Quickflix is growing its streaming audience rapidly, and with the addition of Panasonic and Xbox 360 platforms, plus the announcement of expanded content for kids, it looks set to continue.
Expanded children's content now on Quickflix WatchNow.
(Screenshot by CNET)
Over the past few days, Quickflix has made a flurry of announcements. First, it was an expansion to its line-up of kid-friendly streaming content; a big draw for parents who may have been sitting on the fence up to this point. Having a library of good kids' content available on demand both at home and on the road can be a lifesaver.
Finally, The Australian has reported that Quickflix CEO Chris Taylor stated that the streaming service will also be added to Xbox 360 by "the end of the quarter". Quickflix is already available on PlayStation 3, as well as Sony televisions, Samsung smart TVs and via both iOS and Android (Samsung handsets only at this stage) for mobile and tablet. Adding Panasonic and Xbox in to the mix puts it in a great position to grow its subscriber base, which should, in turn, give it more leverage to improve the library of available programming.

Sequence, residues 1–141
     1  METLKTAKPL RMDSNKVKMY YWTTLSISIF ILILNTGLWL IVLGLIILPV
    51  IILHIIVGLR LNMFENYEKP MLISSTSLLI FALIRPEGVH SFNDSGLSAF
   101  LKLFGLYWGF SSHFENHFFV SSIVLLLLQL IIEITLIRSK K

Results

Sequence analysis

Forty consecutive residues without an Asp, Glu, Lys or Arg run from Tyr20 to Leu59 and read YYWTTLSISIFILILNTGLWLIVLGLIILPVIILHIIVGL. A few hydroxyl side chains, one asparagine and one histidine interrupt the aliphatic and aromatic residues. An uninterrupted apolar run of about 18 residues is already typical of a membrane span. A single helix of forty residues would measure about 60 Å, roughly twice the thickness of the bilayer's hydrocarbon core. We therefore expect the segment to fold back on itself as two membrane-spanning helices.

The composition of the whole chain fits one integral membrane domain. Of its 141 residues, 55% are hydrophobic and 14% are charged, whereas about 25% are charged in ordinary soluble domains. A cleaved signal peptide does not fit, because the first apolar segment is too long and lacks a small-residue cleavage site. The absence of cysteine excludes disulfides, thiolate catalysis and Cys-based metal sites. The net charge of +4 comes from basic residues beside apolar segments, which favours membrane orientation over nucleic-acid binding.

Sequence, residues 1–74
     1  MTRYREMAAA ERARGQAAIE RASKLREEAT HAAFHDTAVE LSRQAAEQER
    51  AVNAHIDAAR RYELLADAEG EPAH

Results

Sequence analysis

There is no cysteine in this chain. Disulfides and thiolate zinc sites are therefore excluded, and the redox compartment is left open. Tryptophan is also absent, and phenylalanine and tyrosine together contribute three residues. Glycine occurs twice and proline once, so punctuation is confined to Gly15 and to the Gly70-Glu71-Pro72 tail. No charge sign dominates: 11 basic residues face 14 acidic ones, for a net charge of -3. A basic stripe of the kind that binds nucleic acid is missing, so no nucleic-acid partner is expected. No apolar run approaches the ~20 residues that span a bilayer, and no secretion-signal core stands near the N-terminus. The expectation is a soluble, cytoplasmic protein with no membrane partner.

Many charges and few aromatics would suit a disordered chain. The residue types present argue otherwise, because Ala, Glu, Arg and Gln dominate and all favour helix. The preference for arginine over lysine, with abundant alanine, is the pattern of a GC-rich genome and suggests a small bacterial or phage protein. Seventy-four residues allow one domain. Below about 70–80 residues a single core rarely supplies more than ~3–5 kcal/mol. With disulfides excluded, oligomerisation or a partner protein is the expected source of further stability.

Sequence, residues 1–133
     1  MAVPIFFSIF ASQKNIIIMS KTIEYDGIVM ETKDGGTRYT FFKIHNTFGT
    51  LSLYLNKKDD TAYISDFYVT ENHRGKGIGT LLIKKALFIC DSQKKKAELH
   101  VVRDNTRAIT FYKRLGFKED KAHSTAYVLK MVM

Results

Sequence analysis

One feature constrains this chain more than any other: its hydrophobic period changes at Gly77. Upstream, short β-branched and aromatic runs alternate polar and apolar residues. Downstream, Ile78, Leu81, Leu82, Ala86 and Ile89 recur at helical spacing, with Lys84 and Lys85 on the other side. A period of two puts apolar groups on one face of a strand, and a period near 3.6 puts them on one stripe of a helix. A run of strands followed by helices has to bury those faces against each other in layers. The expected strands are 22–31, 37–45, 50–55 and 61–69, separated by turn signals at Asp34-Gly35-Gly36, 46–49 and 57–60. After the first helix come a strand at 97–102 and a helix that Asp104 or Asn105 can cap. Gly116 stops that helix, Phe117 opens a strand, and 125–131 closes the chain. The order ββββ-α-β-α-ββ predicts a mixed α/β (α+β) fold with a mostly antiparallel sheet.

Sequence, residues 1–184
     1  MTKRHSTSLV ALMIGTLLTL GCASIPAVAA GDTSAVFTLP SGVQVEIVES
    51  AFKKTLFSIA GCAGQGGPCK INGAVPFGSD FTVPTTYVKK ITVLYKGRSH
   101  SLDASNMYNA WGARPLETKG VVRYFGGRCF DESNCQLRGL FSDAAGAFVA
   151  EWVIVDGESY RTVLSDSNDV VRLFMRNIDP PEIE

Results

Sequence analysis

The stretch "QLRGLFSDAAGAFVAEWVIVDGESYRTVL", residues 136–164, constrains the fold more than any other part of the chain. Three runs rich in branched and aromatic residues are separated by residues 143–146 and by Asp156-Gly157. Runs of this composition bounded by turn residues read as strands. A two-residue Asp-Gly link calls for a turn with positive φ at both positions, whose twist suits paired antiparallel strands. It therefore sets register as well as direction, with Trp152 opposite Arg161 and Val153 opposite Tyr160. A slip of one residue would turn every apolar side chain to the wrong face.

This leaves LG's smart TV platform as the only obvious exclusion, but Taylor also suggested that they hope to do something with LG soon.
Quickflix also launched its streaming service offering for New Zealand in March.
While Quickflix has been in the postal DVD-rental business for almost 10 years, the past year of expanding its WatchNow streaming platform makes it feel like things are just getting started. In The Australian's report, Quickflix identified 31,000 streaming subscribers — a growth of 40 per cent over the previous quarter.
"There is a chicken-and-egg thing with launching a service like this," suggested Taylor. Which comes first? Platforms, customers or library? It seems that Quickflix is moving quickly on the first two, and, as they improve, there is little doubt that the company will improve its negotiating position for increasingly valuable content. HBO now holds an ownership stake in Quickflix, and while Foxtel remains HBO's preferred partner for first-run programming, it will be interesting to see how the HBO partnership develops directly, and perhaps enhances Quickflix's standing when negotiating with other US content companies for digital rights.